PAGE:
A Writer’s pebble-dashed vision.
I first encountered England through her literature. Walking the moors with the Brontës and their wayward brother Branwell; inhaling the sea-spray of Whitby and digging the loamy earth of Bram Stoker’s London; and sporting on lawns, catching snippets of clandestine love in E.M. Forster’s Home Counties. I fooled myself into believing that world would be there waiting for me in England, and that it would be enough to fill my nascent heart.
Mine was the romantic, mythological ‘Olde Englande’ of Kate Bush lyrics, of Tolkien, and of gentle landscapes which gave up their mysteries for the order of rustic villages where Miss Marple had everything worked out, despite the cold edge of murder and the harsh years of The Blitz.
So, brimming with this promise of green pastures, after my flight out of Sydney collected travellers in Melbourne, we ascended above amazing views of the country of my birth. Literally the first thing I saw far below was Hanging Rock, site of Joan Lindsay’s infamous picnic at which three schoolgirls and their maths mistress disappeared into the ancient heart of the continent.
The volcanic spires sent up a bright late afternoon farewell to me as we swept towards the setting sun. How apt, for a literary fool.
The endless night of my flight ended with a grey dawn over London, a city waking to just another day of commuting.
An old school friend, born in England and now living there, had arranged for me to stay with his Aunt in Warwickshire for a few days. All I had to do was get myself to Leamington Spa, after taking a connecting bus from the airport to Reading railway station.
Thoughts filled with Oscar Wilde and his famous ballad of incarceration in that town, I caught only glimpses of heritage in Reading (a pub, I think) and felt absolutely no romance.
The train swept a few silent passengers northwards, and quite soon an unmistakable vision emerged out of the dissipating fog …
I recall making an audible comment, almost a question … did I have it right? Within this mirage, were those the Spires of Oxford?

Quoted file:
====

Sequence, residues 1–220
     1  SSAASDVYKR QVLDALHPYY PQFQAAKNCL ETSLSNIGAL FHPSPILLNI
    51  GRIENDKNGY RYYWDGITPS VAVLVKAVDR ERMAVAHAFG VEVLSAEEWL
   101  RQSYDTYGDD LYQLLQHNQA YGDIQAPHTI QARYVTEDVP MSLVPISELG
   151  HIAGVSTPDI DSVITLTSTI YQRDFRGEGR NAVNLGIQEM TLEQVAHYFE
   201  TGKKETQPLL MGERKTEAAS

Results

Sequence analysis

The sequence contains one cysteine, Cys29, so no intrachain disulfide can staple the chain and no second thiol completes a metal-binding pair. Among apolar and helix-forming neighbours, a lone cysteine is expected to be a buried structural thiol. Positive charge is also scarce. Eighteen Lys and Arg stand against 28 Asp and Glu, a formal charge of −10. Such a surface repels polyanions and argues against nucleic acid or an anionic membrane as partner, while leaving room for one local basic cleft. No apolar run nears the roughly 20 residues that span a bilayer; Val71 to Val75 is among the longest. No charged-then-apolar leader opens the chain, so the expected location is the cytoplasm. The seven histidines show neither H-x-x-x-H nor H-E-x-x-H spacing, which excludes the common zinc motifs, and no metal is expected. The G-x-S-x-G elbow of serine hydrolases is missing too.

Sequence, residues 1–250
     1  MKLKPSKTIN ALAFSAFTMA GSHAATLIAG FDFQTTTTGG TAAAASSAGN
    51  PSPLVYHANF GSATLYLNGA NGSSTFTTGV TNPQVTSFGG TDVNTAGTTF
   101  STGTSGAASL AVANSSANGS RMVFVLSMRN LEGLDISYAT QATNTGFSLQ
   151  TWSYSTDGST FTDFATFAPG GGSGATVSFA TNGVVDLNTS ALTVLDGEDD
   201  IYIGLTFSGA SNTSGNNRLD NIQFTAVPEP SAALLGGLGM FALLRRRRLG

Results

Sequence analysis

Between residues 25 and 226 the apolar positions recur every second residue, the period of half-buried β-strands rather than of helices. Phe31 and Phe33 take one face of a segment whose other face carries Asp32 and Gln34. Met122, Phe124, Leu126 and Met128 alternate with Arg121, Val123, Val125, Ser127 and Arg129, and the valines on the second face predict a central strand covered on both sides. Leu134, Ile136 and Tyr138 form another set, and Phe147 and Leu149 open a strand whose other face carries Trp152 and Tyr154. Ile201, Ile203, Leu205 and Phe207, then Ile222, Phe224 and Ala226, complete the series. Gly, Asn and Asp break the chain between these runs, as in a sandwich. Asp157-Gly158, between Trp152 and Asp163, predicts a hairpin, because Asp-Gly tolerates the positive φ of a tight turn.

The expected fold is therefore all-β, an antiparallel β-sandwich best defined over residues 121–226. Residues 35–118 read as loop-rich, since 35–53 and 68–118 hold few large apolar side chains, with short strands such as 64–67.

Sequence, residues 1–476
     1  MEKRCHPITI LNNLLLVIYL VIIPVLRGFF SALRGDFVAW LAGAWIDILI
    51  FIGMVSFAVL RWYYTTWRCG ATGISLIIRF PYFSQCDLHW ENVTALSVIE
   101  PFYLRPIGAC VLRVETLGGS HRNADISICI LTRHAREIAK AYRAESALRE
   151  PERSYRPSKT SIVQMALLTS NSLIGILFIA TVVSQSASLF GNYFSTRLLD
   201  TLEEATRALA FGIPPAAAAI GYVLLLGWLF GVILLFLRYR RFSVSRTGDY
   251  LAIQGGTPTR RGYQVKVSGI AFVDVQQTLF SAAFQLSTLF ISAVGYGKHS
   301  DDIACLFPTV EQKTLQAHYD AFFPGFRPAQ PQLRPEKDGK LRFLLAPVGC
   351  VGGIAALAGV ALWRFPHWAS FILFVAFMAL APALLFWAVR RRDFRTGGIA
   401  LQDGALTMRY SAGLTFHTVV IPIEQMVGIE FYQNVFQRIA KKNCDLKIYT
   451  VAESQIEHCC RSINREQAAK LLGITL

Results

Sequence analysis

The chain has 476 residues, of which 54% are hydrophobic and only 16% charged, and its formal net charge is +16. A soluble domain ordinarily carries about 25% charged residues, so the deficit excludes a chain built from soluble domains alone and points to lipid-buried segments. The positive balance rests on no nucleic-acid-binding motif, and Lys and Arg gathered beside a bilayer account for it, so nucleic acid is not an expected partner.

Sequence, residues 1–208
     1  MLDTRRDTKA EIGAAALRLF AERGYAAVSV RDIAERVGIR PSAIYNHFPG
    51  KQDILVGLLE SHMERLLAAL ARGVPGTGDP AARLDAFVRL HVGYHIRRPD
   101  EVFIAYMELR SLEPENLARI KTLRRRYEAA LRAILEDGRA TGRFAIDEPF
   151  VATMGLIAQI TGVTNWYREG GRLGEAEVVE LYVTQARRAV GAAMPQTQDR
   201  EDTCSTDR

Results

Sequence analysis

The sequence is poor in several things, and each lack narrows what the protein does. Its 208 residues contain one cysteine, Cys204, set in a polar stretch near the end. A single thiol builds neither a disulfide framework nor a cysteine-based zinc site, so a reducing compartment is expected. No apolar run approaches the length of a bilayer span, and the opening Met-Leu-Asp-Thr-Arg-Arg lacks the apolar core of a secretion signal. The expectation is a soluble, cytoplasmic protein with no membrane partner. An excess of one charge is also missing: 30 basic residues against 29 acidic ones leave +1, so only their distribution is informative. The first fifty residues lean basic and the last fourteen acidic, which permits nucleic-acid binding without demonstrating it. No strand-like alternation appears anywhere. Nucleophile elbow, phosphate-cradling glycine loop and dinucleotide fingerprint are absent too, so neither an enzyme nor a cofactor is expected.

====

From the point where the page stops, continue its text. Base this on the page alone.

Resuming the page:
The few grey commuters about me raised their copies of the Daily Mail a little bit higher, in unison. Welcome to England, Mike.
Nevertheless, my first few nights I slept in a home down the road from Shakespeare’s Mother’s farmhouse in Wilmcote. Within days I’d wandered through Stratford-upon-Avon and soaked up the atmosphere of England’s prettiest face. The daffodils were starting to bloom, and the country held a sense of promise.
I ignored all bad-weather warnings and cynicism, and, on foot, continued my search for the beating heart of English Romanticism.
Across six years I maintained my romantic denial, even when a ‘castle’, looming out of the Scottish mist proved to be nothing but an enormous power station; even when exploring the endless layers of pebble-dashed suburbs that showed the visible canker that wars had brought to the face of England, seeking the home where my maternal Grandfather was born in East Ham.
But one day, after a day pounding the steely pavements of Sheffield, I accepted that I would need to keep lying to myself to live in this ‘green and pleasant land’.
To be fair on England, I presented myself upon its green hills complete with my own facade. You’d think that flying to the other side of the world would have broken the closet door right open … but I remained an underwritten character in a play that was going nowhere. I was a cipher. Devonshire teas and English Heritage sites were not going to jolt me out of my asexual romance with myself.
© Michael Burge, all rights reserved.